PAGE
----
The course layout at our club is a true gem. The renowned Donald Sechrest of Tulsa, Oklahoma, designed the 18-hole, 114-acre course in 1971. Sechrest’s work incorporates lush fairways, tees and perfectly-groomed greens, which are irrigated and surrounded by a few small, strategically-positioned lakes. Play spans 6,675 yards from the longest tees for a par of 71. We have four tee lengths, making Ames the perfect round of golf for players of all skill levels.
The best drive is in the middle of the fairway between the tree lines on each side. This sets up an important second shot down the fairway that is best positioned left of center to avoid the water hazard on your right. The shot into the green can be tricky as this green has significant slopes left to right and on the front and rear edges. A shot to the center of the green takes the water surrounding the green on three sides out of play and sets up the best chance for par or better.
The second hole presents a slight dogleg left with an ideal tee shot on the right side of the fairway as trees and out of bounds are a factor on the left. A small bunker protects the front right corner of one of the larger greens on the course. Downwind makes birdie a real possibility- into the wind, par is a very good score.
Longer hitters can challenge the dogleg from the tee, but the safe play is to position your ball in the fairway just short of the bunker that guards the right side. Be careful with club selection on your approach shot as long or left of the green is surrounded by water.
The first par three is one of the more challenging holes on the course. The large, undulated green is guarded by a bunker on the front left side. Positioning your tee shot in the front center is ideal.
Focus on the left side. The hole plays easier from left side of the fairway and all putts are easier from left of the hole.
From the tee, try and position your ball on the right side of the fairway as the rough comes in considerably on the left side. Two traps on the front left and front right guard the green. The best “miss” on the approach is short or right, as there is trouble long and left.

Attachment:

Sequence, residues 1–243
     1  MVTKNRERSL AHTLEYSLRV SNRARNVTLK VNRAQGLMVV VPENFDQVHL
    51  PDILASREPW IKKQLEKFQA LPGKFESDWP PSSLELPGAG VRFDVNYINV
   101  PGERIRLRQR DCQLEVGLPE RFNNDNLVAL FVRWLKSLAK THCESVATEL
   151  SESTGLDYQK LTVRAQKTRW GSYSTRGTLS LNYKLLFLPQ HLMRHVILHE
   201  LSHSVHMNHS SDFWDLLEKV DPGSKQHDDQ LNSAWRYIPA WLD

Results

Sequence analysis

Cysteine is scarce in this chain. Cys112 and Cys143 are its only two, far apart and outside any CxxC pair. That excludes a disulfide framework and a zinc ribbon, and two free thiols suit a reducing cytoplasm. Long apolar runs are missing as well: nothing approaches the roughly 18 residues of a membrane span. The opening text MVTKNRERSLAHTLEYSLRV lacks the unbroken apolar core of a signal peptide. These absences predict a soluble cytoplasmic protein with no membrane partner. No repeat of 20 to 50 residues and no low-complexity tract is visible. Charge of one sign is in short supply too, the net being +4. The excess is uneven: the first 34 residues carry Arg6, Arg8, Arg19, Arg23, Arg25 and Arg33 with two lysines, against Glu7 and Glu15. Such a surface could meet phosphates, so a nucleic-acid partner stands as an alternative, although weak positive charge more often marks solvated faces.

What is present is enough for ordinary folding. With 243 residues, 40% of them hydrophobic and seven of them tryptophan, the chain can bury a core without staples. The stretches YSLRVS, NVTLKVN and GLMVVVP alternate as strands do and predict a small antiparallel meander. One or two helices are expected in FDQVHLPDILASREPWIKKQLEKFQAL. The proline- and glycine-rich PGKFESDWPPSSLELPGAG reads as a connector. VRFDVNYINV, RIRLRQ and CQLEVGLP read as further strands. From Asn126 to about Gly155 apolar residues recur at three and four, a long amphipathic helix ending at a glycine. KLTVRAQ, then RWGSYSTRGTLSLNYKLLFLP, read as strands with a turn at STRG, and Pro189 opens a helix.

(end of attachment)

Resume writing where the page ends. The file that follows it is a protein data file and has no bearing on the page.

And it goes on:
The ideal tee shot is straight out at the 150-yard pole in the middle of the fairway. For your approach shot, you are looking at a green is that surrounded by two bunkers and a large mound in front of the green. Once you have mastered getting on the green, take your two putt par and move on to hole eight.
A tee shot down the left side of the fairway will give you a clear view to the green. Make sure you stay short of the hole on your approach shot.
The shortest par three on the course gives you the opportunity to be aggressive and finish the nice with a birdie. With the green, sloping from back to front, be sure to leave yourself below the hole to have an easy uphill putt.
Make sure your tee shot favors the left side of the fairway for out of bounds is to the right. If you can avoid the two greenside bunkers that guard the front of this green, a birdie is a real possibility.
This short 90-degree dogleg presents plenty of challenges. Your tee shot could end up in the penalizing native grass that sits on the corner and through the fairway. There are two bunkers on the front of the large green, but with plenty of room on the putting surface, a two-putt par is always a good score on this hole.
Be sure you have the correct club on this hole, as hitting long or right of the green will greatly penalize your next shot. The large green funnels to the middle with a bunker protecting the front right and left corners. This straightaway par three can be an easy one as long as you find the green off your tee shot.
With a smart tee shot on this par five, birdie is a definite possibility. Once you avoid the water on the right, you are in great position to attack the green in two. A bunker on the front right guards the small green that slopes from back to front. There is not a lot of room to miss behind the right of the green, so be sure to have dialed in the correct club. Once you are on the green in regulation, give yourself a good putt at birdie or walk away with a two-putt par.
It is important to try to determine the wind direction, as the tee box is pretty sheltered. With the green slightly uphill, be sure to take enough club.
Positioning yourself in the fairway short of the bunkers off of your tee shot is key for this hole. You need to avoid the greenside bunkers that surround the green on your approach shot. Make sure you are putting from below the hole, as the green on 15 is one of the most difficult on the course.
If you draw ball, watch out for the trees on the right immediately off the tee box. A slight fade down the left side of the fairway is the preferred shot with the driver. Once the ball is positioned properly in the center of the fairway, the approach shot with a short iron is routine. The conservative approach is to the the ball to the center of the green, regardless of pin position. Once on the green, pay attention to slope and focus on distance control.
A smart tee shot is important on the short dogleg right. Make sure you place yourself on the left side of the large fairway so the trees on the right do not interfere with your approach shot. A short iron or wedge shot to the large green surrounded by water and bunkers will allow you the opportunity to attack the hole and possibly make birdie.
The “Home Hole!” is one of the longer par fours on the course that consistently plays into the prevailing wind. Positioning your tee shot down the left side of the fairway is ideal. Your second shot will play uphill to a large green with three bunkers the guard the front, left and right portions of the green. Par is always a good score on this hole.